Working in leadership roles in the health care industry, Nereida Parks increasingly found herself facing a host of complex issues, including data and privacy-related concerns. This led her to investigate degree programs that could help her navigate this ever-changing landscape.
During her search, Parks found she would either have to pursue a J.D. or a different kind of master’s degree that didn’t fit her specific needs. When she learned about the Northwestern Pritzker School of Law Master of Science in Law (MSL) program, however, she discovered a good fit and enrolled.
“I found programs that covered regulatory compliance, but they didn't have the data privacy and cybersecurity pieces to the extent and at the depth that Northwestern’s MSL program did,” said Parks, who has held key positions at IQVIA, GE Healthcare and Anthem.
Centering on the intersection of law, business and technology, the MSL curriculum offers foundational classes in contracts, regulation, business formation and intellectual property as well as an assortment of specialized electives in such areas as financial regulation, privacy, data security, biotechnology, food policy, artificial intelligence, forensic science and environmental law.
Since its launch in 2014, the STEM-focused program has grown significantly. Compared to the inaugural cohort of 30 students (18 attended full time and 12 part time), there are now approximately 200 residential full-time and online part-time students enrolled, with more than 600 interdisciplinary alumni working in a variety of fields from patent litigation to clinical research throughout the United States and abroad.
The need for a STEM-focused law degree
The Master of Science in Law was created at a time when professionals from diverse fields were being tasked with increasingly complex issues involving regulation, product development, privacy, use of data, contracts, business development and entrepreneurship. The Law School recognized that STEM professionals, in particular, faced issues at the intersection of law and business, but many lacked the training to respond to these challenges.
“We said, ‘We can do this. We could teach STEM professionals about law and regulation and contracts and negotiations — things they’re going to be dealing with but don’t have a chance to learn except on the job,’” said Leslie Oster, clinical associate professor of law and director of the MSL program.
During the program’s 10th anniversary celebration — held in tandem with the Law School’s annual reunion weekend in October — MSL staff discussed the many ways the program has evolved, including the addition of an online component in 2018.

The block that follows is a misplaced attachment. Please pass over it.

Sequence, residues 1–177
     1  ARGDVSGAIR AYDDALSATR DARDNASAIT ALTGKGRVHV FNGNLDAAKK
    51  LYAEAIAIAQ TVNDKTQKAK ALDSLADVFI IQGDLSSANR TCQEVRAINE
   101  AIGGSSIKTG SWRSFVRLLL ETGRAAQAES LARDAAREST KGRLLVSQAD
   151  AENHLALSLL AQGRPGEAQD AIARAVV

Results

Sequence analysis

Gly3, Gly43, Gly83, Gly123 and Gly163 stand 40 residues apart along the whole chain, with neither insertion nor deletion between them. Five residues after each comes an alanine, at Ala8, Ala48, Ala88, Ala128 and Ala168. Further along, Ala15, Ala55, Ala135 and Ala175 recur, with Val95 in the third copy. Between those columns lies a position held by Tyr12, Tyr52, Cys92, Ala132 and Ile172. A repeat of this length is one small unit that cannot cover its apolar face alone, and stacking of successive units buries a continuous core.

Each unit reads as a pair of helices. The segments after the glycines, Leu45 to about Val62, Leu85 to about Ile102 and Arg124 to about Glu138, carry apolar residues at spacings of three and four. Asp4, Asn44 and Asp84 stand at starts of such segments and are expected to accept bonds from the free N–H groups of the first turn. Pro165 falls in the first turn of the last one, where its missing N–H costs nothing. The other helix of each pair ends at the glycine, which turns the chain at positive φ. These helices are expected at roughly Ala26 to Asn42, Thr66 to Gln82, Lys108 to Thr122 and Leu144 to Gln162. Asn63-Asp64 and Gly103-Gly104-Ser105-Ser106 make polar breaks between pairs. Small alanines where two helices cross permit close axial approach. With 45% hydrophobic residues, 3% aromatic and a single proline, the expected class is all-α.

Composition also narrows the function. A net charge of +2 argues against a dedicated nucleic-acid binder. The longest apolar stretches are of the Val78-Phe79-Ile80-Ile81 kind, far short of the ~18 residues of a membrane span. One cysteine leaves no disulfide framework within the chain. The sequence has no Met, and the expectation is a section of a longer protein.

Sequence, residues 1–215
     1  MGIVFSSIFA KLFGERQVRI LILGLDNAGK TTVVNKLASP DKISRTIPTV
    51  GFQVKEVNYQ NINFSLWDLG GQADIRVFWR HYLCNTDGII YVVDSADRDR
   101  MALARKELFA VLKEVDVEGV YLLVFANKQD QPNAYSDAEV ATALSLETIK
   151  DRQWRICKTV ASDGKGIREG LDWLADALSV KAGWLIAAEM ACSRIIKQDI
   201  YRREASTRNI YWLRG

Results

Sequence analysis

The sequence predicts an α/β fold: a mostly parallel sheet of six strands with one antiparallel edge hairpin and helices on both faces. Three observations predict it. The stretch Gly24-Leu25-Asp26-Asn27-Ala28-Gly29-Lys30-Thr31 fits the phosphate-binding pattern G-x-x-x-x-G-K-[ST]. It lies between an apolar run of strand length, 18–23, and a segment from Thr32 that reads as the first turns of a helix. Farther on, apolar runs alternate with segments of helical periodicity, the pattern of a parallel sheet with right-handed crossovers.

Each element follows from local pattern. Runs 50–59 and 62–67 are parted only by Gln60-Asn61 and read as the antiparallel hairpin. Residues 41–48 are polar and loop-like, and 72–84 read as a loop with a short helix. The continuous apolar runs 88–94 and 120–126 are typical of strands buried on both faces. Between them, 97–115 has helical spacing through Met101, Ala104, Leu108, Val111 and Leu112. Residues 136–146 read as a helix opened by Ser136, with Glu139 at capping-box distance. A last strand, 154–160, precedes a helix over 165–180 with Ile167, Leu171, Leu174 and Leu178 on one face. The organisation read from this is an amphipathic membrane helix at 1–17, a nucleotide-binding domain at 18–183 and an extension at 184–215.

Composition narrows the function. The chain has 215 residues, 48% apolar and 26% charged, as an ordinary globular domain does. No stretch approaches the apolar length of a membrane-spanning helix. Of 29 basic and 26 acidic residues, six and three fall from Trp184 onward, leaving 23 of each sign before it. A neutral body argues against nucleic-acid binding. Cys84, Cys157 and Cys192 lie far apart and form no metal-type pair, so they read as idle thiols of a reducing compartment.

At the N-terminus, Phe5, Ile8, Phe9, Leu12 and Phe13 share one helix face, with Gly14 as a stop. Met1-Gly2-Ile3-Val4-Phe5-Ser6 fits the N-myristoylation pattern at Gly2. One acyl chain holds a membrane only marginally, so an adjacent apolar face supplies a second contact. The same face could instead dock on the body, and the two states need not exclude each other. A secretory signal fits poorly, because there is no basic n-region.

“Since creating the online version, we've gotten many more mid-career professionals,” Oster said. “They’re saying, ‘I already have an MBA or a Ph.D., but I interact with law all the time. I'm reading contracts. I'm developing intellectual property. I'm facing issues involving privacy or security or a variety of other things.’”
MSL student Parks, who was recently offered a role as a regional privacy officer of North America and specialty care at the pharmaceutical company Sanofi, said the program has allowed her to fill in gaps in her legal knowledge with a unique combination of training.
“I have the legal and business acumen to understand everything around data privacy and cybersecurity and the ability to apply this in a business setting,” she said. “That is a unique combination of skill sets that most people don't have.”
Jennifer Jing-Syuan Tzeng applied to the program after she realized that gaining some legal expertise could enhance her work as a tax professional at PwC. She has been impressed by the curriculum, particularly the course “Business Formation and Structure,” taught by Clinical Professor of Law Stephen Reed. "I noticed that although I did tax, my clients needed some contract, government procurement, or merger and acquisition expertise. The MSL program offered what I needed,” said Tzeng, who expects to graduate next spring.
A program at the forefront
Part of the MSL’s success is due to the program’s ability to anticipate industry needs as well as its students’ changing needs and interests. Over the years, additional courses have been added to the curriculum in areas such as health, financial technology and regulation, AI, and privacy.
“Since we had no past to build on in creating the MSL, what we did was look ahead to the future,” said Daniel Rodriguez, Harold Washington Professor of Law and dean of the Law School when the program was launched. “Those of us involved in the development of the program were trying to anticipate the needs of the legal system and the business world and trying to figure out how technology would fit in with those. We were building a curriculum for which there was no model and looking to attract students who were not just focused on business as usual but were willing to take a risk with this new program.”
As for the future, Rodriguez, who still teaches in the program, sees the MSL blazing a trail in the legal industry by providing graduates with the skillset that would allow them to advise and even represent clients, as state regulatory schemes evolve in this direction.
“I don't necessarily mean representing a defendant in a criminal trial,” Rodriguez said. “I mean helping entrepreneurs, advising people with a great idea who want to patent their invention and engaging in representation for individuals in administrative proceedings that don't require somebody to be a licensed lawyer.”
Overall, Rodriguez said, “The MSL has the real potential to be a disruptive and productive force in the legal services ecosystem.”
Claire Zulkey is a freelance writer.